More students pass Mississippi reading test on second try

Elize'a Scott, a Key Elementary School third grade student, right, reads under the watchful eyes of teacher Crystal McKinnis, left, Thursday, April 18, 2019, in Jackson, Miss. (AP Photo/Rogelio V. Solis)

JACKSON, Miss. — About 3,000 more Mississippi third graders passed a toughened reading test on the second try in May, the Mississippi Department of Education said Tuesday, cutting the number of public school students in danger of not advancing to fourth grade.

Of 35,000 third graders, nearly 9,000, or 25%, failed the test the first time. The department said about 7,500 of those students were retested and 2,900 passed, leaving 17% of third graders still at risk of failing. Students will get a third chance to pass the test in June and July, after many districts complete summer school. Final numbers won’t be published until this fall, and about 3% of students were allowed to advance last year without passing for various reasons.

Mississippi is one of 16 states that demand third grade students pass a reading score threshold or flunk, with Nevada and Michigan imposing such requirements in the next two years. Mississippi raised its threshold this year, mandating students reach the middle of five scoring levels, which officials describe as “approaching grade level expectations.” From 2015, the first year the requirement was implemented, until last year, students only had to reach the second lowest achievement level, called “basic.”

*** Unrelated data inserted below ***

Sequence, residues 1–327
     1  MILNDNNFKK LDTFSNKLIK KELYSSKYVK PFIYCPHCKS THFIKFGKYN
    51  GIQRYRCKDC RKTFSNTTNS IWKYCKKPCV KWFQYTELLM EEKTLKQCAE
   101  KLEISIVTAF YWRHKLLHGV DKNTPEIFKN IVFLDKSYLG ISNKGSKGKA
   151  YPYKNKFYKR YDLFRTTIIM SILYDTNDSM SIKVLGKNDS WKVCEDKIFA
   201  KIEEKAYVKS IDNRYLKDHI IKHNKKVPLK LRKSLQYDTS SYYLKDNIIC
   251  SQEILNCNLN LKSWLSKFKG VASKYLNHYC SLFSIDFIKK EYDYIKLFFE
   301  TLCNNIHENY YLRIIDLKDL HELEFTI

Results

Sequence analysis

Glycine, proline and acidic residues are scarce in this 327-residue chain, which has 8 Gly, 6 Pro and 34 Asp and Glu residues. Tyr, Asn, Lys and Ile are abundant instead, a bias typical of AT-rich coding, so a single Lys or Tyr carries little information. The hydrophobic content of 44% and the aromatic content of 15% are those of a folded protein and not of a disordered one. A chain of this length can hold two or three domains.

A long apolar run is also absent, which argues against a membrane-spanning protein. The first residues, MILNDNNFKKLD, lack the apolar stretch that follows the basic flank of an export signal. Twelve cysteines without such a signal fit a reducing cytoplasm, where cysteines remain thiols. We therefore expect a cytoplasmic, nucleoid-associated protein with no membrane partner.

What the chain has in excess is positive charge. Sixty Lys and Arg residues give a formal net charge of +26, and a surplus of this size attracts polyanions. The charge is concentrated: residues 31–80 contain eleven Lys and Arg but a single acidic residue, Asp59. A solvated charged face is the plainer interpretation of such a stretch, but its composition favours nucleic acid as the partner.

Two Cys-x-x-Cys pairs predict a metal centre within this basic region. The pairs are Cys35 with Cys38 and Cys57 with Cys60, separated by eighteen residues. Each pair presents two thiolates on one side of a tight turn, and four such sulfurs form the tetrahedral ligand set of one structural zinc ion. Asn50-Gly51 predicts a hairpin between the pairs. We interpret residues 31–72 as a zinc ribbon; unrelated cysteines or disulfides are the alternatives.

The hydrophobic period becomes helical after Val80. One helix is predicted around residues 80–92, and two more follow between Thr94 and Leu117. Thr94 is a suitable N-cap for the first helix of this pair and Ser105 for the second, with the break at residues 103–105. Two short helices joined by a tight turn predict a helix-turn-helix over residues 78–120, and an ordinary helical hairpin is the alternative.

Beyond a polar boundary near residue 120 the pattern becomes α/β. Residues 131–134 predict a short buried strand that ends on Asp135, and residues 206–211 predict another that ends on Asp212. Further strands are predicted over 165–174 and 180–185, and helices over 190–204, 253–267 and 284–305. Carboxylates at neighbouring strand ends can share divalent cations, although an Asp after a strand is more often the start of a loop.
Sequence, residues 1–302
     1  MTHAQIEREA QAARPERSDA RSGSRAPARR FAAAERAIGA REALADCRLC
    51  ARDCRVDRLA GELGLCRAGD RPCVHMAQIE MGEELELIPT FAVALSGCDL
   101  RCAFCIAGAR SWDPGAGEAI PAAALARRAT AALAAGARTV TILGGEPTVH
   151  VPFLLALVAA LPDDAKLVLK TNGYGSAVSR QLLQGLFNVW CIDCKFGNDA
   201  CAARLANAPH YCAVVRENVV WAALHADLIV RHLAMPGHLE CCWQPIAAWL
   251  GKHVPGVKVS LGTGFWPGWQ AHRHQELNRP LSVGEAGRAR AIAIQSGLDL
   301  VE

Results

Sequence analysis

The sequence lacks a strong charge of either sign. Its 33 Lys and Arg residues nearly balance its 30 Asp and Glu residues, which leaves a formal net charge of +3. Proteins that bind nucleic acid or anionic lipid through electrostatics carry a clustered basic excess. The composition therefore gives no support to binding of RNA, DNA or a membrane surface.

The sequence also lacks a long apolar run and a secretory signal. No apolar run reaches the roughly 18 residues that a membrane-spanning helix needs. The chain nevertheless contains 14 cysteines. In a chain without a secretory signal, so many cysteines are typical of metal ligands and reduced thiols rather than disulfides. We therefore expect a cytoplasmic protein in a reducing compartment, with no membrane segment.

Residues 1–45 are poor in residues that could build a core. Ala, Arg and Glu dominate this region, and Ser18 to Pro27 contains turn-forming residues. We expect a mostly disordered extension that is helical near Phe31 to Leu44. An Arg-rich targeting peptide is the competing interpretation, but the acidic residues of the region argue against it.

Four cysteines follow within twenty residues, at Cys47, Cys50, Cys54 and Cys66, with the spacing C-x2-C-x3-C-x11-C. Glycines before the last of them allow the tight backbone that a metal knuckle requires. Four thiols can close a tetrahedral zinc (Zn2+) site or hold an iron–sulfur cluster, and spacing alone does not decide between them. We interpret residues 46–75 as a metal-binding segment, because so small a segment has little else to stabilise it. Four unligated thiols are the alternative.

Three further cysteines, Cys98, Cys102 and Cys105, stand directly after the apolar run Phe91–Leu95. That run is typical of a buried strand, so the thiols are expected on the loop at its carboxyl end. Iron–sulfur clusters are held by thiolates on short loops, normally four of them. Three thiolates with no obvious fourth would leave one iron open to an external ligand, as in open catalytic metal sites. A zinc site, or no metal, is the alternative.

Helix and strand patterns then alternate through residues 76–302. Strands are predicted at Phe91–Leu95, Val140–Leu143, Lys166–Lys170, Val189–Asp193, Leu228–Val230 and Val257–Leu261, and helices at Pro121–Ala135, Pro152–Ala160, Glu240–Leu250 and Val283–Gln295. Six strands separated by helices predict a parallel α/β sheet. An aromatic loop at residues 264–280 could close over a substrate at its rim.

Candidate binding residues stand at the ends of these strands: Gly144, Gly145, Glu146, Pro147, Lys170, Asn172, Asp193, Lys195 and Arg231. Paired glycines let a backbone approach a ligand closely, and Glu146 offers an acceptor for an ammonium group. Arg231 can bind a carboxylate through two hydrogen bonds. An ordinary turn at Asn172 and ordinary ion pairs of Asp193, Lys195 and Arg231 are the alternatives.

State Superintendent Carey Wright helped persuade the Legislature to increase the threshold in 2016. She was uncomfortable that students were allowed to advance even though they remained far from proficient: the second-highest level on Mississippi’s test.

“The passing score was raised to get closer to measuring proficiency,” Wright said in a statement. “Once we raised expectations, students and teachers have proven, once again, they can meet higher academic standards.”

Department spokeswoman Jean Cook says district and school passing rates aren’t available for the second round. The districts that performed the worst in the first round were typically small, rural, poor and overwhelmingly African American, places that struggle to attract highly credentialed teachers.

Officials predicted passing rates would drop from last year’s 94%, when students had to reach the second level.

By comparison, 15% of students failed the first round of testing in 2015, with 8% ultimately forced to repeat third grade. Students repeating third grade are supposed to receive intensive tutoring from highly qualified teachers. Mississippi is paying for literacy coaches to help improve instruction in 182 of 420 schools statewide with a third grade. The state also has provided training on teaching reading to 13,000 people, and provides extra money for summer schools for struggling readers.

The Republican policymakers who adopted Mississippi’s plan from Florida support it, also pointing to improvements in performance on a nationwide test. At least one independent study of Florida has found benefits uncertain.

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